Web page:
Bonds could become the next crisis point for the market. Image: U.S. Treasury.
The bull market in stocks has lasted for more than six years now, spurring growing worries among many investors about the potential for a pullback and its impact on the growth of the U.S. economy. The Dow Jones Industrials has declined slightly from its record highs, losing another 46 points Thursday as of 11:30 a.m. EDT and deepening its losses since early March to more than 400 points, but the small-cap Russell 2000 remains much closer to its all-time high. Amid uncertainty about the future of the stock market, it's surprising to discover that an increasing number of market participants are even more concerned about the bond market and the potential for systemic shocks that some believe could lead to a new financial crisis.
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Bankers speak out about the bond marketThe bond market has never been as friendly to individual investors as has the stock market, with bond trading designed to ensure a flow of transaction-related income to brokers and resisting efforts to increase transparency and ease of trading for nonprofessionals. Yet even among institutional investors, alarm about the current structure of the bond market has grown louder.
JPMorgan Chase CEO Jamie Dimon. Image: Flickr / Steve Jurvetson.
JPMorgan Chase CEO Jamie Dimon has never been hesitant to voice his opinions about financial matters, and he recently pointed to a lack of liquidity in the Treasury market as a potential source of risk for the entire financial market system. In particular, Dimon cited last October's plunge in Treasury yields from 2.20% to 1.86%, with much of the decline and subsequent rebound coming within a roughly 30-minute span. Although a move of about a third of a percentage point might not seem like much, the price changes involved were quite dramatic for a market typically known for stability. Dimon characterized it as happening "once in every 3 billion years or so," and bond traders could only point to a single instance over the past half-century in which bond market volatility was greater -- and that came during the height of the financial crisis in November 2008. Former Treasury Secretary Larry Summers echoed Dimon's sentiment, asserting the need for regulation to deal with a perceived lack of liquidity in the bond market.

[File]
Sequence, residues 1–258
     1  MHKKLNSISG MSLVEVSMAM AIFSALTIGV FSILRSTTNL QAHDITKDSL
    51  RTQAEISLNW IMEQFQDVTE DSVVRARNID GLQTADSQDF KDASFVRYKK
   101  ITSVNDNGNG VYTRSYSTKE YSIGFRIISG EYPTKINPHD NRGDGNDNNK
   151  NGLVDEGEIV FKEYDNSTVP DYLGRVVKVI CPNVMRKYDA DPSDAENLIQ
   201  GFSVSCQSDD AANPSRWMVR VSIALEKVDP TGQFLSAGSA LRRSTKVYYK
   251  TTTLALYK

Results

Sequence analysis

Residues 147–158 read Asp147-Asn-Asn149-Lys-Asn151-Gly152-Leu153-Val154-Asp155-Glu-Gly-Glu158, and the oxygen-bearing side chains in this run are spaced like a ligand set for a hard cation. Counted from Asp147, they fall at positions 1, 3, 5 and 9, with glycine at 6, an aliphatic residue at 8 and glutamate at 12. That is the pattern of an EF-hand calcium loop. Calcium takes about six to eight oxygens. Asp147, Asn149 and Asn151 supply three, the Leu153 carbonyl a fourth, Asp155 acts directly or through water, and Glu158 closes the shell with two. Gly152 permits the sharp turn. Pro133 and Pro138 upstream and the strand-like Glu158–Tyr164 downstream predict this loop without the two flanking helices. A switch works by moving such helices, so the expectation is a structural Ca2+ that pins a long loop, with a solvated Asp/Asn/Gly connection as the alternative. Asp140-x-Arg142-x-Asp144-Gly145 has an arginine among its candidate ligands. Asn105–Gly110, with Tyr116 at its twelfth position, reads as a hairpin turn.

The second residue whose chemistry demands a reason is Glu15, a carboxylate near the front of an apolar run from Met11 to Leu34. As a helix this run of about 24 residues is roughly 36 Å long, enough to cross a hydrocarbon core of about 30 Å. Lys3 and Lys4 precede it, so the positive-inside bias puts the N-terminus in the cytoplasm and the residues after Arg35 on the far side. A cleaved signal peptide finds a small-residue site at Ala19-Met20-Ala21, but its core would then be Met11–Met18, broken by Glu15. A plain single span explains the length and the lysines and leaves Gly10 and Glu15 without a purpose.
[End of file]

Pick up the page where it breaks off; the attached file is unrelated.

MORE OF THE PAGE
The bond market faces a number of issues that have led to liquidity concerns. On one hand, the Federal Reserve's quantitative easing policies involved direct purchases of longer-term Treasury securities, in some cases dramatically reducing the amount of available bonds for certain maturities. Taking those Treasuries out of the market left traders with less liquid conditions that exacerbated price movements. Moreover, with the relatively small number of companies qualifying to issue corporate debt of the highest quality, those institutions that are only allowed to buy top-rated bonds have less supply to choose from, and that has led to some market inefficiencies as well.
U.S. Treasury. Image: Wikimedia Commons.
Until now, those issues haven't created any major long-term problems, as the interest rate environment has remained benign. If rates start to rise in the near future, though, downward pressure on Treasury prices could lead to less orderly behavior in the bond market. If that occurs and structural bond market problems still exist, then volatility in this market could spook confidence in the entire financial system.
At this point, market participants have an opportunity to take action to make the bond market more secure before a crisis hits. If they wait too long, though, the market itself might make the decision for them.
The article Stocks Aren't the Scariest Financial Market Right Now originally appeared on Fool.com.
Dan Caplinger has no position in any stocks mentioned. The Motley Fool owns shares of JPMorgan Chase. Try any of our Foolish newsletter services free for 30 days. We Fools may not all hold the same opinions, but we all believe that considering a diverse range of insights makes us better investors. The Motley Fool has a disclosure policy.
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